• “The smartest historical sci-fi adventure-romance story ever written by a science Ph.D. with a background in scripting 'Scrooge McDuck' comics.”—Salon.com
  • A time-hopping, continent-spanning salmagundi of genres.”
  • “These books have to be word-of-mouth books because they're too weird to describe to anybody.”
    —Jackie Cantor, Diana's first editor



This year’s Historical Novel Society conference takes place Jun 21 – Jun 23 this year, at the
Vinoy Renaissance Resort, St. Petersburg, Florida, USA. And once again, I’ve somehow been persuaded/drafted into the job of ring-master…er, Mistress of Ceremonies for the Late-Night Sex-Scenes Reading, a regular feature of these proceedings.

I inadvertently started this a few years ago, when I attended the HNS and was put on a panel discussing sex-scenes in historical fiction (actually, sex hasn’t altered much in the last few thousand years, so this is pretty generally applicable stuff). There were six people on the panel, and we were mutually introduced electronically and left to figure out how we wanted to handle things.

Having done a number of workshops at writers conferences on How to Write Sex-Scenes, I mentioned that I thought it was virtually impossible to discuss the craft of such scenes without using examples to illustrate what you were talking about. General consensus on that point. OK…six people on panel. If each of us read _one_ scene—and a brief scene at that–it would use up all the time, and there’d be no time either for us to make illustrative remarks, or for the audience to ask questions. Quandary.

So—God help me—I suggested that we ask the organizers if we might have use of the hotel’s ballroom for an hour or so following the main banquet (the panel being next day). We might, I said, announce at the banquet that the panel members would be reading examples of their work, in order to reference these scenes in the next day’s panel; anyone who was interested could remain to hear them, and anyone who wasn’t could go to bed or the bar, depending on individual preference. Universal approval.

So we did. And the results were sufficiently entertaining that the Late-Night Sex-Scene Readings have been a regular feature for the last three or four years. Last year, Gillian Bagwell emcee’d the proceedings, doing a lovely job—and providing a popular YouTube video of herself, me, and Bernard Cornwell enacting one of Gillian’s scenes from her novel, THE DARLING STRUMPET.

Now the time approacheth for all good men and women who don’t mind reading their sex scenes out loud in public—and who will be members of this year’s Conference—to step up to the plate. [g] The Late-Night readings are not, alas, open to the public (though if any good YouTube videos result, I’ll be sure to let you know).

The requirements are:

1) The reading needs to be your own original work (unless you’re team-reading someone else’s scene with them).

2) It does _not_ have to be published work; reading from a work-in-progress is acceptable.

3) It should be no more than 5-7 minutes in length.

4) You agree that people who take photos or video of you reading may post these online. (Mind, it isn’t common for people to _do_ this, but it does happen.)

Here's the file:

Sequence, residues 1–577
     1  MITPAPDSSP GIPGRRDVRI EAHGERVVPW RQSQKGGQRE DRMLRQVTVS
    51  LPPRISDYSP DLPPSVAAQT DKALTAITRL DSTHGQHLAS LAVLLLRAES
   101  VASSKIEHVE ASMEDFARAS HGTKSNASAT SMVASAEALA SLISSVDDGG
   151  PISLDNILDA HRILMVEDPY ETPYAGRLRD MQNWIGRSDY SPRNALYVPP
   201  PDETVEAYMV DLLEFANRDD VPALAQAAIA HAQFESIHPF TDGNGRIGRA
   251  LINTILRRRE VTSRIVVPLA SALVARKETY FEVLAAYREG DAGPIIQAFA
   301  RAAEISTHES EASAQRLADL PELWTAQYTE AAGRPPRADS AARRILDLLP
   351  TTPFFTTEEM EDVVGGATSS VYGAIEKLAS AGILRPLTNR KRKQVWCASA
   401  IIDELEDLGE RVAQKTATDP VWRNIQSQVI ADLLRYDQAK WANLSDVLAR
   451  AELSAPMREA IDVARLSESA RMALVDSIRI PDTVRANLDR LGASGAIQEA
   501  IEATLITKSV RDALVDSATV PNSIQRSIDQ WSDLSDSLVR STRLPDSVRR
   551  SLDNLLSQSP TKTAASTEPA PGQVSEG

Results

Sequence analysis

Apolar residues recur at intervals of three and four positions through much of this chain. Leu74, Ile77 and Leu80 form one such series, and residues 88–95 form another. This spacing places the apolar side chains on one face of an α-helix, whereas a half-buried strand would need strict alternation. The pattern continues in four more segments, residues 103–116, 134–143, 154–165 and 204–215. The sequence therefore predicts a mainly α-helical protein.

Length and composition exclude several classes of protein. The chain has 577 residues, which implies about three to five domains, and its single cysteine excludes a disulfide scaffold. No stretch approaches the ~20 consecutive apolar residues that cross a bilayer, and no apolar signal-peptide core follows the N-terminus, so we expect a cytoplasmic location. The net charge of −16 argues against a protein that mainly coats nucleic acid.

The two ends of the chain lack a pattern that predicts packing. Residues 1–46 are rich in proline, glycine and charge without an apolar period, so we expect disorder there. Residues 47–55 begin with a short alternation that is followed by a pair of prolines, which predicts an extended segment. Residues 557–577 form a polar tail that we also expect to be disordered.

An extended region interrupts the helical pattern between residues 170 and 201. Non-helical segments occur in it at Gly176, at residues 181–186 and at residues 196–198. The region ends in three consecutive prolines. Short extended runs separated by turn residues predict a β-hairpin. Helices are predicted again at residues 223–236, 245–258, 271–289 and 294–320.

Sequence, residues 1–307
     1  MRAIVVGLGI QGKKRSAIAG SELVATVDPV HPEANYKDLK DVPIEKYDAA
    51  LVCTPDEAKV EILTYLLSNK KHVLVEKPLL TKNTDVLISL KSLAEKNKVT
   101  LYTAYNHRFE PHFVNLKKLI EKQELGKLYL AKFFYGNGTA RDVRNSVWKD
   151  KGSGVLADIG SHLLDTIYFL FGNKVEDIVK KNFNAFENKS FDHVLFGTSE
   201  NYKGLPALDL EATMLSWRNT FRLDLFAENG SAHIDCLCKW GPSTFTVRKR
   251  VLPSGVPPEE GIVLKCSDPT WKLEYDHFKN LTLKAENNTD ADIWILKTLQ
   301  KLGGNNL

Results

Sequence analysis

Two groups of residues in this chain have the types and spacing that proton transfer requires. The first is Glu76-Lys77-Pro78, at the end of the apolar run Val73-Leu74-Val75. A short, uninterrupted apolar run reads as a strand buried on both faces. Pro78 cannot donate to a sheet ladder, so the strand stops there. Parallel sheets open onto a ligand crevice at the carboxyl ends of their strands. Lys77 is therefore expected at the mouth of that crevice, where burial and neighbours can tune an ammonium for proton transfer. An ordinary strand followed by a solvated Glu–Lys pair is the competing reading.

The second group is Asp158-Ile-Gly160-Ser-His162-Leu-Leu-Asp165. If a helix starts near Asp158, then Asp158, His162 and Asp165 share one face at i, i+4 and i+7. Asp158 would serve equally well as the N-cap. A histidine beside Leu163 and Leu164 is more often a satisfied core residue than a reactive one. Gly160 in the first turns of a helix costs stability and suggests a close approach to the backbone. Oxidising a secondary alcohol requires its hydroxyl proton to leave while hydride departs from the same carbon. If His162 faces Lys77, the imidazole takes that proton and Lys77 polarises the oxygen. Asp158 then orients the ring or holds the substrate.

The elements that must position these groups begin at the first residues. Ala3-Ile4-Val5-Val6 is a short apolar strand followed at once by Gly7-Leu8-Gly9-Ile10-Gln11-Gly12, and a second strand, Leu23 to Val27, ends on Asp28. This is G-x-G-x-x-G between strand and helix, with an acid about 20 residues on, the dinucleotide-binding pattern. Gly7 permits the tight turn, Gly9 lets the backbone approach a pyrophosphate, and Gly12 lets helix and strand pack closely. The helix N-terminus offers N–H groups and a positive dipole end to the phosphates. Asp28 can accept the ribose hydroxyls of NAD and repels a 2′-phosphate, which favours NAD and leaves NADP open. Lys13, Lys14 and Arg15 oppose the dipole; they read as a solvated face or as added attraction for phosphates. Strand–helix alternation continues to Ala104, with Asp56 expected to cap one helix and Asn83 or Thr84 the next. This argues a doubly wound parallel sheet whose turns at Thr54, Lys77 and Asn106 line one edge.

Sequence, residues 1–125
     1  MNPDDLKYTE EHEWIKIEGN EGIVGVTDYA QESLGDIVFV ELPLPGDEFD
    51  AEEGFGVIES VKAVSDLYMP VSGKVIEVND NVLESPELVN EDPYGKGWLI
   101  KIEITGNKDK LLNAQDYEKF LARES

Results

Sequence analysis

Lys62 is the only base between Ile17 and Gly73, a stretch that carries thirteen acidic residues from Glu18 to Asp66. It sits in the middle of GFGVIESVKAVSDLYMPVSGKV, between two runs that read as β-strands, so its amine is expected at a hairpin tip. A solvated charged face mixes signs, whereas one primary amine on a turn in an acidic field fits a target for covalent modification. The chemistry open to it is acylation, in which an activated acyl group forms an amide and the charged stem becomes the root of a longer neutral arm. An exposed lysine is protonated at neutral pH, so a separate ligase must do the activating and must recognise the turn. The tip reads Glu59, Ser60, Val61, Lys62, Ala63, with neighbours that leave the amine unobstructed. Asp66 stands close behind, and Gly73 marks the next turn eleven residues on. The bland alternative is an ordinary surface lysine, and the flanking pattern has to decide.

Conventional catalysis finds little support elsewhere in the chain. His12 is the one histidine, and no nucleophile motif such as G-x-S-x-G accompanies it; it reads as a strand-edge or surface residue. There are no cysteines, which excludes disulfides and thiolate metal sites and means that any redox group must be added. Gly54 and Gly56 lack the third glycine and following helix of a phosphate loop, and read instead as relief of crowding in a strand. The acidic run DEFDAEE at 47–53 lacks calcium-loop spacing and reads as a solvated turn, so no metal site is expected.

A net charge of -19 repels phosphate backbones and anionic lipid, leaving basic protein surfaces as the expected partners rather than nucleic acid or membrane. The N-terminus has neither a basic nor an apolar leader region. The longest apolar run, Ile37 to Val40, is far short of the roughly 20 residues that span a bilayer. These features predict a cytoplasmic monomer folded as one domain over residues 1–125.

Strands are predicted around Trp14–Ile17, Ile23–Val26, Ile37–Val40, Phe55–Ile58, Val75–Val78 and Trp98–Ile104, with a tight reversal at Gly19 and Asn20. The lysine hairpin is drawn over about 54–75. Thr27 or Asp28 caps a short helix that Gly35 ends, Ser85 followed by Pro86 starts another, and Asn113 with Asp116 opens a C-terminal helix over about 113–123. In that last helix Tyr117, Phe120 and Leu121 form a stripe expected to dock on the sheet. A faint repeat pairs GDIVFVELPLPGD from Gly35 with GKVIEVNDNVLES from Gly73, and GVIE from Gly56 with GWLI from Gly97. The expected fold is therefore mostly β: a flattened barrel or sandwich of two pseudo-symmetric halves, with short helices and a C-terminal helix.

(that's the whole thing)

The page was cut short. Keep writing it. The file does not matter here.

Now, ideally, the scene is short enough to be dramatically complete in 5-7 minutes, but that’s not a requirement, just a suggestion.

Since we want to keep the program somewhere between 45-60 minutes, that means we can manage six or seven readers (to allow time for getting on and off stage, introductions, and hysterics on the part of the audience).

So if you’re interested in doing this, drop me an email at dgabaldon@aol.com, and let me know just a bit about your scene—what period you’re writing in, for instance, and whether it’s a serious or comic scene (or some combination thereof). If we have a _lot_ of volunteers, I may need to ask for more information in order to make a decision, but in recent years, about the right number of people have shown up. I look forward to hearing from you! [g]

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35 Responses »

  1. Diana,

    I love your books, like all of your other readers. As a lover of history (former history teacher), I really appreciate all the research you have done and incorporated into your novels. Phenomenal! That research so enriches your storytelling and makes reading your books a delight on many levels.
    In one of your books, I cannot recall which, some character makes a condescending remark about the Scots being ignorant or illiterate, and Jamie takes offense. He immediately shoots back, “All Scottish children are taught their letters.” Did you have any research for that statement? Was that true in that era, in 18th century Scotland in the Highlands?
    I know that the Lowland Scots who had more access to outside influences were generally deemed better educated than the Highland Scots. Also, research has shown that among immigrant Scot populations in America, Australia, Canada, the Lowland Scots have prospered more as a group than have the Highland Scots. However, as far as total immigrant groups are concerned, the Scots in America have only been outdone by the Russian immigrants (largely Russian Jews) in prospering financially!
    Thanks for considering my question.

  2. Hi Diana, I had a great time watching Gillian’s video with you and Bernard Cornwell last year!! It was indeed a wonderful surprise and a treat (g), because I love Bernard Cornwell books too.
    Of course I went straight to get The Darling Strumpet afterwards. It was very entertaining to read about Nell’s story.
    Now, I’m hoping this panel next weekend will also turn into some enjoyable videos… and maybe discover something more to read while waiting for MOBY? (G)
    Wish you have a great time at the conference! Viviana

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